August 4, 2015

Geoffrey Wahl named a National Cancer Institute Outstanding Investigator Award recipient to further his cancer research

Salk News

Geoffrey Wahl named a National Cancer Institute Outstanding Investigator Award recipient to further his cancer research

LA JOLLA—Salk Professor Geoffrey Wahl will receive the National Cancer Institute (NCI) Outstanding Investigator Award (OIA), which encourages cancer research with breakthrough potential. Wahl, a professor in Salk’s Gene Expression Laboratory, will receive $7.9 million over a seven-year period to further his cancer research.

Geoffrey Wahl
Gene Expression Laboratory
Daniel and Martina Lewis Chair

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Image: Courtesy of the Salk Institute for Biological Studies

Wahl, who is a past president and elected Fellow of the American Association for Cancer Research as well as a Fellow of the American Academy of Arts and Sciences and American Association for the Advancement of Science, has been involved in various aspects of cancer research for his entire 40-year career. At the Salk Institute, Wahl and his team have made contributions to the development of important technologies used throughout the world that have impacts in many fields. For instance, he and his team recently developed a rapid and versatile method for observing subtle and previously hidden interactions between proteins in living cells. The technology promises to dramatically accelerate the identification of many potential new drug targets and drug candidates.

The NCI award will allow Wahl the freedom to take more risks in his lines of inquiry as well as take the time to develop new techniques in his cancer research.

“The NCI Outstanding Investigator Award addresses a problem that many cancer researchers experience: finding a balance between focusing on their science while ensuring that they will have funds to continue their research in the future,” said Dinah Singer, PhD, director of NCI’s Division of Cancer Biology. “With seven years of uninterrupted funding, NCI is providing investigators the opportunity to fully develop exceptional and ambitious cancer research programs.”

Currently, Wahl, who holds the Daniel and Martina Lewis Chair, is developing innovative strategies to chart the molecular and genetic underpinnings of breast and other cancers in his effort to discover novel treatments for these complex diseases. With support from the award he will be able to create new models of basal-like breast cancer (BLBC), a cancer notorious for resisting chemotherapy and for which no targeted therapies currently exist. He will use a suite of cutting-edge tools and techniques—including the latest in gene editing, single cell genomic analysis and bioinformatics—to explore unknown targets of this cancer and reveal more about how common cancer mutations (such as p53 and BRCA1) contribute to BLBC.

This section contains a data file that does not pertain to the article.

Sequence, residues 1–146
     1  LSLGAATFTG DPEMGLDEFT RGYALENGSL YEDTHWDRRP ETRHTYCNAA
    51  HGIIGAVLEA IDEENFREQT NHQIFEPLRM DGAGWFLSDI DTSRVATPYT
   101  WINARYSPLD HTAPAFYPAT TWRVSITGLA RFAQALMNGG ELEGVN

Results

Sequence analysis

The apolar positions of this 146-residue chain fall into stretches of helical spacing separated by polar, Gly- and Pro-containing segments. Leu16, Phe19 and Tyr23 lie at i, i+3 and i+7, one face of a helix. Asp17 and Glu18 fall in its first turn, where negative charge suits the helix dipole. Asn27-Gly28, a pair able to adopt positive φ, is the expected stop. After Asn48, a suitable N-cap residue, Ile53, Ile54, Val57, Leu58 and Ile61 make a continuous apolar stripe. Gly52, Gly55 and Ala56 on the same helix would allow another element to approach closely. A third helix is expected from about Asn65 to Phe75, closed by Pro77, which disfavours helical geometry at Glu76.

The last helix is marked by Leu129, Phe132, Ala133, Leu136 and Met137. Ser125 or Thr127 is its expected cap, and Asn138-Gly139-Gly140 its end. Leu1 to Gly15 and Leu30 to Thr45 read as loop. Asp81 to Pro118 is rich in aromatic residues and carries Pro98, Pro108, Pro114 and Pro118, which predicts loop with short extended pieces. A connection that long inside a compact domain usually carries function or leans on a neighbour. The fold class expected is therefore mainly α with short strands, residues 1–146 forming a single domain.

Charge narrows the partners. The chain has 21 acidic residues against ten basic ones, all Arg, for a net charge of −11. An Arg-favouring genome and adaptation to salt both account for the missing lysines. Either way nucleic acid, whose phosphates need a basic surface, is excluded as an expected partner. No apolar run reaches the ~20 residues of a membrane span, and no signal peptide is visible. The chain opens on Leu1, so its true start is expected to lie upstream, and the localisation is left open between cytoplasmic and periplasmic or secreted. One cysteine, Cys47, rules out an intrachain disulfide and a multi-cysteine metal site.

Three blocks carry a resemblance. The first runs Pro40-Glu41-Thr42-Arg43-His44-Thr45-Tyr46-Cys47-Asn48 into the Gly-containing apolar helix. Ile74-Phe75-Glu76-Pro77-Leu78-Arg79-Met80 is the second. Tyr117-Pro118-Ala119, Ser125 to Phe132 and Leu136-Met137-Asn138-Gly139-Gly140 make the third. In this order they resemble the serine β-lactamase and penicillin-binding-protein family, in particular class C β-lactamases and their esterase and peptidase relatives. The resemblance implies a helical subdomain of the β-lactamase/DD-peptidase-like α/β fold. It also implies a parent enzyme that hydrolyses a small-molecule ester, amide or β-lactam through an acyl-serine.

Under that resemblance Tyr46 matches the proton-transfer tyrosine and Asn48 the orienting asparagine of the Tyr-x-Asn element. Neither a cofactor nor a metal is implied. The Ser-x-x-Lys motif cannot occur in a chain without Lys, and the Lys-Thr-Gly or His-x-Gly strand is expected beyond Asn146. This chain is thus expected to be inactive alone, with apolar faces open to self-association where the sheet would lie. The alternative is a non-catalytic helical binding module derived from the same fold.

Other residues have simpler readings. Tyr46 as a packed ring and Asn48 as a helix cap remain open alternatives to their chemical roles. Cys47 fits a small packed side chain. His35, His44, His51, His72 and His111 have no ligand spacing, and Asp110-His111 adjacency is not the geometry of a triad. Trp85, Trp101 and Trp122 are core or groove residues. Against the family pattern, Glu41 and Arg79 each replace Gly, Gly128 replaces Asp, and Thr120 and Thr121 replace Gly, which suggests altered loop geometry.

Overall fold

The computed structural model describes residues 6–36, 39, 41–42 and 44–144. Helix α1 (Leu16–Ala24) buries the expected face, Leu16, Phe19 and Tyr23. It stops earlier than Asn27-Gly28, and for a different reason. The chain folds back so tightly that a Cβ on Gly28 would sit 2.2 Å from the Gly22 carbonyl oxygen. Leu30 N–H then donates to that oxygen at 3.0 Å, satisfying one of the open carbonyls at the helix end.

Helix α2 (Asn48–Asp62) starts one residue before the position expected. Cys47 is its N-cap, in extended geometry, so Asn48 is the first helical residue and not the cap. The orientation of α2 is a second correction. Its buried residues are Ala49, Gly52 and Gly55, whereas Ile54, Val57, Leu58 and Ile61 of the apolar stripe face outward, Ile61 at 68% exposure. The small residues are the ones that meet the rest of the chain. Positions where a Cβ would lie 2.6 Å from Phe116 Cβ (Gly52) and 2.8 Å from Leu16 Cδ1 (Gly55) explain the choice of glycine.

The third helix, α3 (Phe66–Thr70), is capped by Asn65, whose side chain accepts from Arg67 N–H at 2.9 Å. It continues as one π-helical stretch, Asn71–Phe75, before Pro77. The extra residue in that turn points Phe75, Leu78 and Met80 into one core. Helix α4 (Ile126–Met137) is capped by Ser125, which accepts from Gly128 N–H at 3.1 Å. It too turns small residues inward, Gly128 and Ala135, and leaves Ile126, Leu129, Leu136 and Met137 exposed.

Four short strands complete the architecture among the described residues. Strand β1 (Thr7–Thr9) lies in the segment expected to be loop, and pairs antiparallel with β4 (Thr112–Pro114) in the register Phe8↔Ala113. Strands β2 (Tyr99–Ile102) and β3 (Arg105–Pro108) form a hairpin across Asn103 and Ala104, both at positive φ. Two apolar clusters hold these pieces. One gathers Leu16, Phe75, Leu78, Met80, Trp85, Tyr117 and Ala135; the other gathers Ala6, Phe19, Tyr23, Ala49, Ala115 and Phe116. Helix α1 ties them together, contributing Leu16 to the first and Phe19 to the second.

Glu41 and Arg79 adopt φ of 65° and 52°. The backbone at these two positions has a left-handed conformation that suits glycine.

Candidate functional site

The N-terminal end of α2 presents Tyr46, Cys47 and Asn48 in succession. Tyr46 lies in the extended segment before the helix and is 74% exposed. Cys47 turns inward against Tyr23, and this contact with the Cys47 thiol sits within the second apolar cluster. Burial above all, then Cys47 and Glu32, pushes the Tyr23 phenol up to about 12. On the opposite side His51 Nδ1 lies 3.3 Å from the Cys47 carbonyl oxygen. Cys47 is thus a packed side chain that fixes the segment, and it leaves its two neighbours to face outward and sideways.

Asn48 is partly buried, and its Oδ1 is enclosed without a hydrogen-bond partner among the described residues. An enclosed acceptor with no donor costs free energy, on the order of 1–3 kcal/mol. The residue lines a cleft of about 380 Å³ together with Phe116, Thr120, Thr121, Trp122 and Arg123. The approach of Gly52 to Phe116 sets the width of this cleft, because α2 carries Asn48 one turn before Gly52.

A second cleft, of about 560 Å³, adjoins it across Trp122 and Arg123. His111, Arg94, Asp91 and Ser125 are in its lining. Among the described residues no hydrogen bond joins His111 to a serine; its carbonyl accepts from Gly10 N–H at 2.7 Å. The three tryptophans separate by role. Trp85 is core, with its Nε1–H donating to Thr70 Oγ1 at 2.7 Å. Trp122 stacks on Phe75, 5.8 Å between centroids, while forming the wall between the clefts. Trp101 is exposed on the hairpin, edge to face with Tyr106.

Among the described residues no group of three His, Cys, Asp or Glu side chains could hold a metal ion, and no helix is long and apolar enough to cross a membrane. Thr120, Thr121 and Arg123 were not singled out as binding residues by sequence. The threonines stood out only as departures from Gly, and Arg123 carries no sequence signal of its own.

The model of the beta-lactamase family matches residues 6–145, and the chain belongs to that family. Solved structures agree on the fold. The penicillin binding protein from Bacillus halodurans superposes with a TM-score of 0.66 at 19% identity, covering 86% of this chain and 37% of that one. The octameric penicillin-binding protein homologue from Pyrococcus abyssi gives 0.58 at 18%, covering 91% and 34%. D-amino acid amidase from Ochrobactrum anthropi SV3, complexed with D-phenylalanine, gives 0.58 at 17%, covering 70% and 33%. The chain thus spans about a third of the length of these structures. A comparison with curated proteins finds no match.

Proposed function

Wahl’s lab will also examine how environmental stressors, like inflammation, or conditions such as obesity, tie into the disease. His goal is to move the field closer to a new understanding of how cancers initiate and progress, and to develop more effective treatment strategies. This award will give him the long term support that is required to embark upon projects of unusual potential in cancer research.

OIA Description:

The National Cancer Institute (NCI) Outstanding Investigator Award (OIA) is a new grant program developed by NCI in 2014 that will provide funding to investigators with outstanding records of productivity in cancer research to continue or embark upon new projects of unusual potential in cancer research over an extended period of seven years. The Award was developed to provide investigators with substantial time to break new ground or extend previous discoveries to advance biomedical, behavioral, or clinical cancer research.

NCI anticipates funding approximately 60 OIAs from the first round of applications submitted in 2015. Award recipients are cancer researchers, nominated by their institutions, who have served as a principal investigator on an NCI grant for the last five years and have demonstrated outstanding cancer research productivity. The OIA provides funding of up to $600,000 in direct costs per year for seven years.

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